1

I need to do IFS=",";echo {1..5} so that it can output 1,2,3,4,5 instead of 1 2 3 4 5. How do I make bash echo {1..5} and output the values with a comma?

5

With Bash's builtins:

This is a bit ugly since we need to separate the 5 to avoid a trailing comma:

$ printf '%s,' {1..4}; echo 5
1,2,3,4,5

Though since printf can output directly to a variable, that can be worked around and the final comma removed with a parameter expansion:

$ printf -v tmpvar "%s," {1..5}; echo "${tmpvar%,}"
1,2,3,4,5

Or with "$*", which joins using the first character of IFS. This trashes global state, but you could rather easily avoid that by running it in a subshell or in a function with local IFS:

$ IFS=,; set -- {1..5}; echo "$*";
1,2,3,4,5

If the limits are in variables, it's probably easiest to just do it manually with a loop since you can't use variables as endpoints in a brace expansion range. Again, the upper limit is in a special case:

a=1; b=5
for (( i=a ; i<b ; i++ )); do
    printf "$i,";
done;
printf "$b\n" 
  • In case of variables I think a good way shall be: a=1;b=5; seq --separator="," $a $b – Sir Jo Black Dec 14 '18 at 14:36
  • 1
    @SirJoBlack, note the sentence at the very beginning of the answer: "With Bash's builtins" – ilkkachu Dec 14 '18 at 14:38
3

Try to use:

seq --separator="," 1 5
2

If you allow for spaces along with commas, try

$ echo {1..5},
1, 2, 3, 4, 5,
2

Since you're using numerical brace expansion, the only spaces that will ever appear are the ones between numbers, so you could post-process the result:

output=$(echo {1..5} | tr ' ' ',')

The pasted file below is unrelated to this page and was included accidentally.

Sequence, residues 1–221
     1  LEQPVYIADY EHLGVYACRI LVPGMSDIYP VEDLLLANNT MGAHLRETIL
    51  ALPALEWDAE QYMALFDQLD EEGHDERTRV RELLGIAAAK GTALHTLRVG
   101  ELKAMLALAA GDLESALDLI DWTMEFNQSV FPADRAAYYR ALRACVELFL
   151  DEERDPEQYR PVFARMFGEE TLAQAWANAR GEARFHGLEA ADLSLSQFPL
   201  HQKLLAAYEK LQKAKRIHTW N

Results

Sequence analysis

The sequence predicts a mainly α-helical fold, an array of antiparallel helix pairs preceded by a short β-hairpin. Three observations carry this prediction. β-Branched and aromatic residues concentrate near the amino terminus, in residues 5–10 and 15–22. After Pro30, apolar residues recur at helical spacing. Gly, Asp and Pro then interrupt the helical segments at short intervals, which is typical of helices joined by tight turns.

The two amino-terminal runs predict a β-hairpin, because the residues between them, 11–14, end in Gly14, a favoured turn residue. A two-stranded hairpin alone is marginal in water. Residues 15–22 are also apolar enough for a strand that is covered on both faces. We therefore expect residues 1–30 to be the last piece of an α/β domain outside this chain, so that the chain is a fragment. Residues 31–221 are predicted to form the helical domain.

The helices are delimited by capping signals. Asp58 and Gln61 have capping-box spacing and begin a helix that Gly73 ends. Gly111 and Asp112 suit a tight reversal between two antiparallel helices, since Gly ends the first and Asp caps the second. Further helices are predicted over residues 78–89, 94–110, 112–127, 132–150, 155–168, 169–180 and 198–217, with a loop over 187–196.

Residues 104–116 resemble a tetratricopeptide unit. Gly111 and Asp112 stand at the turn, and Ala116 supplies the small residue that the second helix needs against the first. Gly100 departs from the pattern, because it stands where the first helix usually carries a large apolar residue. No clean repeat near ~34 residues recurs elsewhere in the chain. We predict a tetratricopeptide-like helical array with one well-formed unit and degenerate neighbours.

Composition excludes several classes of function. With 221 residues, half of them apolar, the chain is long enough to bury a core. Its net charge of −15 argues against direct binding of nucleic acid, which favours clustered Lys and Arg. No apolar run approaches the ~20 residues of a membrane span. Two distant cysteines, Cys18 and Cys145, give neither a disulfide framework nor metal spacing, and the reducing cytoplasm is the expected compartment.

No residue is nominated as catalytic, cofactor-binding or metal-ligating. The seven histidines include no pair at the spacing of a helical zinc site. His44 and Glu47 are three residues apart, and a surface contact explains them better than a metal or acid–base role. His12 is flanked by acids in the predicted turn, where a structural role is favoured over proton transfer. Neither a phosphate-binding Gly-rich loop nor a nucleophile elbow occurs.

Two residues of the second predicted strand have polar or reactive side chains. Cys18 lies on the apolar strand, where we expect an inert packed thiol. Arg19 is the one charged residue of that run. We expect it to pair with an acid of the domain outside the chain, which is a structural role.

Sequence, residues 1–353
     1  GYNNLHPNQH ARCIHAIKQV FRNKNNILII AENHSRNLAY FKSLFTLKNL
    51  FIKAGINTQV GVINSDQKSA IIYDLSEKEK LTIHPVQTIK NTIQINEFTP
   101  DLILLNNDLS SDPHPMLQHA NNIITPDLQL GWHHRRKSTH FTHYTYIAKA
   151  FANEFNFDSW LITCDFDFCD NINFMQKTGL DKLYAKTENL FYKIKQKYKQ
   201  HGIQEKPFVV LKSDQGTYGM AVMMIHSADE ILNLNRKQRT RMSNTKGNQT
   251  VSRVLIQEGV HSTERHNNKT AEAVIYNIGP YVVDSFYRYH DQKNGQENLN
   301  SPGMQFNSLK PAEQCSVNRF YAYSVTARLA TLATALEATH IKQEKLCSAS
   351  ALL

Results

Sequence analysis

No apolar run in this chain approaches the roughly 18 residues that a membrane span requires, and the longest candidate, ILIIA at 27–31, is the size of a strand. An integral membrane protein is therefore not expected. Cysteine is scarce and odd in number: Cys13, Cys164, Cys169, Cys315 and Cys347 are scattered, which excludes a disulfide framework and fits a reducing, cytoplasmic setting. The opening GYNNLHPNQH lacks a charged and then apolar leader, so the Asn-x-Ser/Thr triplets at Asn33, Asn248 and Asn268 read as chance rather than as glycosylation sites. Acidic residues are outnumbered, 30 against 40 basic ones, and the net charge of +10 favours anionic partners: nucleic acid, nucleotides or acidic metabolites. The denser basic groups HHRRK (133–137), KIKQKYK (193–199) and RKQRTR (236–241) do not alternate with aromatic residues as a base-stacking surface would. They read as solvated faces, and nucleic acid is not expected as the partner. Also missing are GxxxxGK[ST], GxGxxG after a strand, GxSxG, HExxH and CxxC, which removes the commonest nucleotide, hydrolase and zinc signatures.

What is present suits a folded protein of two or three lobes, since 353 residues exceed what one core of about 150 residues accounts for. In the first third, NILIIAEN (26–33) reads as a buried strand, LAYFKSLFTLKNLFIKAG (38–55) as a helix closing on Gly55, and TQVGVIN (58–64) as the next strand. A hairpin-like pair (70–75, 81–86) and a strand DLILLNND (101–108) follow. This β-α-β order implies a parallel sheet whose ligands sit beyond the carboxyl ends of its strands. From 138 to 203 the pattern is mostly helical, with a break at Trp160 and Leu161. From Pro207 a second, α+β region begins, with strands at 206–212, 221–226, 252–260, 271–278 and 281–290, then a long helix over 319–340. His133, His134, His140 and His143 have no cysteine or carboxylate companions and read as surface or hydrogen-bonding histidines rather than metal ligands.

or

output=$(echo {1..5} | sed 's/ /,/g')
2

This is more to further expand on expansion than to provide a practical solution: what follows is surely less concise/efficient that the alternatives proposed in other answers.

In bash, The Internal Field Separator (IFS) is not used for brace expansion (so, IFS=","; echo {1..5} won't work as you would like).
It is used, however, when expanding a few other things. A complete list being far beyond my level of competence, here are a couple of examples that use brace expansion and , as the value of IFS to create the output you are looking for:

Positional parameters

About the expansion of the special parameter *, quoting man bash,

When the expansion occurs within double quotes, it expands to a single word with the value of each parameter separated by the first character of the IFS special variable.

We can use a function to exemplify:

$ function fnc () {
>   IFS=','
>   echo "$*"
> }
$ fnc {1..5}
1,2,3,4,5

Arrays

When accessing the items of an array using the * subscript, again, quoting man bash,

If the word is double-quoted, ${name[*]} expands to a single word with the value of each array member separated by the first character of the IFS special variable, ...

An example:

$ arr=( {1..5} )      # Populate an array using brace expansion and compound assignment
$ IFS=','
$ echo "${arr[*]}"    # Reference all the items with the * subscript
1,2,3,4,5

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